Diner’s Notebook Dishes that’ll kill you, and a new place to love

Hold the fries.

Michael Jacobson (no relation, and if he were, I wouldn’t claim him) founded the Center for Science in the Public Interest in 1971, and ever since he’s been like the chief of police to the foodie world.

I hate to bite the hand that feeds me, but his message does deserve attention. CBS News recently reported the nine worst dishes in seven American chains, and the news is sobering. Based on a diet of 2,000 calories a day, which is considered healthy, people should eat no more than 20 grams of saturated fat per day.

Now consider the numbers. Double combo pan-fried noodles at P.F. Chang’s has 1,820 calories. The pasta carbonara with chicken at the Cheesecake Factory has 2,500 calories and 85 grams of saturated fat.

New Zealand rack of lamb at Outback, without the sides, has 1,300 calories and 60 grams of saturated fat plus 1,340 milligrams of sodium—56 percent of the recommended daily allowance. Ouch.

“One might think chains like Outback and Cheesecake Factory would lighten their meals now that calories are required on menus, courtesy of a health care reform law signed in March,” the other Jacobson says. “But the chains don’t promote moderation, and are helping to make modern-day Americans the most obese people ever to walk the Earth.”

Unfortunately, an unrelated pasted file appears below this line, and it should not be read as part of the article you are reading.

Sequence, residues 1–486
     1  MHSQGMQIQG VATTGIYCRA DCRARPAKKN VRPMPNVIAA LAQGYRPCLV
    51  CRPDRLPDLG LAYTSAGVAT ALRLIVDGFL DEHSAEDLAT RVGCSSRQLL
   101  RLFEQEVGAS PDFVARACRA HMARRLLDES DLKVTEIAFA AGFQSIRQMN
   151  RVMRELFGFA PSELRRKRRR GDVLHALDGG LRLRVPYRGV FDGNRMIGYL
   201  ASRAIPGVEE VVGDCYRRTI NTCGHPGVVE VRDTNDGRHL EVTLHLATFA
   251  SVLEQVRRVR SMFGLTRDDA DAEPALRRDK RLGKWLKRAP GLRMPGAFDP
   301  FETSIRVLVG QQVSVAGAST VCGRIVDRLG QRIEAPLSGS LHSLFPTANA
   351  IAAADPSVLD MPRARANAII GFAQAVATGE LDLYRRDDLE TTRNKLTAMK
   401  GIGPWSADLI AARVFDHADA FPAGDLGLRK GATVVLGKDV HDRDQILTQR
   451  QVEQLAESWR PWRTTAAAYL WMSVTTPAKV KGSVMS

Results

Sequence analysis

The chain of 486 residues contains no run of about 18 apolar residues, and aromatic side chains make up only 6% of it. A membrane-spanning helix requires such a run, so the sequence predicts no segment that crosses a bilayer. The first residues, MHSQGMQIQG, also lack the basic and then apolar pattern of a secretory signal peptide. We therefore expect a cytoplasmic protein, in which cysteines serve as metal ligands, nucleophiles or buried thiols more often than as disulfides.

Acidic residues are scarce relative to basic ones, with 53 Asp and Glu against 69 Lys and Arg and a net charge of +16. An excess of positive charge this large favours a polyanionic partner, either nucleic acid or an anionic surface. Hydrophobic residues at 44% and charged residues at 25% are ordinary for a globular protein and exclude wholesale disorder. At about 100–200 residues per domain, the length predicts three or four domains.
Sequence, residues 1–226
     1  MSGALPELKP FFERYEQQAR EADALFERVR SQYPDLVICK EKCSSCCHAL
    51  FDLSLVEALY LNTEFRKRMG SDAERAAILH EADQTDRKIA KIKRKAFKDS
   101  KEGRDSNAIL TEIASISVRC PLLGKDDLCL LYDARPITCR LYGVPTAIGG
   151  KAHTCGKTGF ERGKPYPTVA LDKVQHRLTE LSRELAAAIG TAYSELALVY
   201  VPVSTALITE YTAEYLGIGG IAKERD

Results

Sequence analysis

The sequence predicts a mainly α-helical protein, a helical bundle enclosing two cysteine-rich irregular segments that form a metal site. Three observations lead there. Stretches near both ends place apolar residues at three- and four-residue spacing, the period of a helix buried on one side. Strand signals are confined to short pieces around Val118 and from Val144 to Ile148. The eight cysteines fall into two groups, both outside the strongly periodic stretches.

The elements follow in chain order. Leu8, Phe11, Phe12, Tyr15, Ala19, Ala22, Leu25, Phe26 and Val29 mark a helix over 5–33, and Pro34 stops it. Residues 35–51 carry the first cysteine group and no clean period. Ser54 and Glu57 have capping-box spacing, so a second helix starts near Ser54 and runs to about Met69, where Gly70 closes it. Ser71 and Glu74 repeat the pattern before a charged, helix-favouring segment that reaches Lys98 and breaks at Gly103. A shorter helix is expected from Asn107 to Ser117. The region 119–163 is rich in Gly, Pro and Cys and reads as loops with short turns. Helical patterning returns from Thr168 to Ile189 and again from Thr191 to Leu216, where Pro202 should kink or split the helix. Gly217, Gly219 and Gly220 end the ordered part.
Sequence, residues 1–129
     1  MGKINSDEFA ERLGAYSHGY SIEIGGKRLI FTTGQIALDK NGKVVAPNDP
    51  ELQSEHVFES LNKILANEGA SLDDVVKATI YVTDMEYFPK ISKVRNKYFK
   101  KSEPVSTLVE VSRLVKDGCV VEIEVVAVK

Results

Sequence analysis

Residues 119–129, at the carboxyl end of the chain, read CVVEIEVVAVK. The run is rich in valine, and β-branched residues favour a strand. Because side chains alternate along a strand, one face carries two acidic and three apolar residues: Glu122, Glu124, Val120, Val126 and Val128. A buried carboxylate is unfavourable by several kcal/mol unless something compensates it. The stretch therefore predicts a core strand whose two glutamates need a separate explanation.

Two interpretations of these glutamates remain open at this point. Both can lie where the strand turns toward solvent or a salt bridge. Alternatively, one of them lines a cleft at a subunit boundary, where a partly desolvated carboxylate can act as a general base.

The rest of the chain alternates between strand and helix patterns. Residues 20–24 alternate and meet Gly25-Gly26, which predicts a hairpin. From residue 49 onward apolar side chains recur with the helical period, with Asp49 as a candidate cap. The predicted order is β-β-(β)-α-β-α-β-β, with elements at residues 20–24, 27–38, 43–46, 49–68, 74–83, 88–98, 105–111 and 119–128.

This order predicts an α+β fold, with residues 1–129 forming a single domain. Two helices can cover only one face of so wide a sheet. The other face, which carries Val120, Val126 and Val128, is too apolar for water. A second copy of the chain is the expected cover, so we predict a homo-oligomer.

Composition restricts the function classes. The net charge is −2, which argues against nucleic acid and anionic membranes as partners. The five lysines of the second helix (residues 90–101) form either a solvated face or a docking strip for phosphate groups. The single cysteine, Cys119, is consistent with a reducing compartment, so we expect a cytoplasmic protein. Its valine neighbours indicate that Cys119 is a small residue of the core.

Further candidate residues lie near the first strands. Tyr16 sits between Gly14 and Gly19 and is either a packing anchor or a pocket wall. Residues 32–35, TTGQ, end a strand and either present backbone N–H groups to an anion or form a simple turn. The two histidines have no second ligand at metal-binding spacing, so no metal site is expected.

Double winner Cheesecake Factory’s chocolate tower truffle cake comes in at 1,670 calories and 48 grams of saturated fat per slice. I’m planning to tread lightly around my slice. What about you?

But this won’t deter me from eating heartily at Chef Marc’s Pastavino, the latest effort from well-trodden local chef Marc Ritz. Perhaps some of you remember Marc’s World Cuisine, or his later involvement with the Mezzo Bistro Italiano. Well, now the ex-boxer, Sinatra lover and native of Utica, N.Y., is doing what he loves at his new Summerlin location, which doubles as a deli and sandwich shop during lunches.

He’s making his own pastas, plus charred octopus, delicious fried meatballs in Sunday gravy and a host of specials during the evening. He’s even offering a $50 per person Chef’s Tasting, a multicourse extravaganza, which he likes to serve on the sofas he has placed in the room’s dead middle.

The front of the restaurant is a small market, and the display case is filled with salumi, cheeses and gaudy cakes that he has made for his restaurant. Ritz is a talented chef, passionate advocate for Italian cooking and all-around good guy. Pastavino is at 7591 W. Washington Ave. Call 233-6272 for reservations, or go to parmabychefmarc.com for info.

Hungry, yet?

Follow Max Jacobson’s latest epicurean observations, reviews and tips at foodwinekitchen.com.

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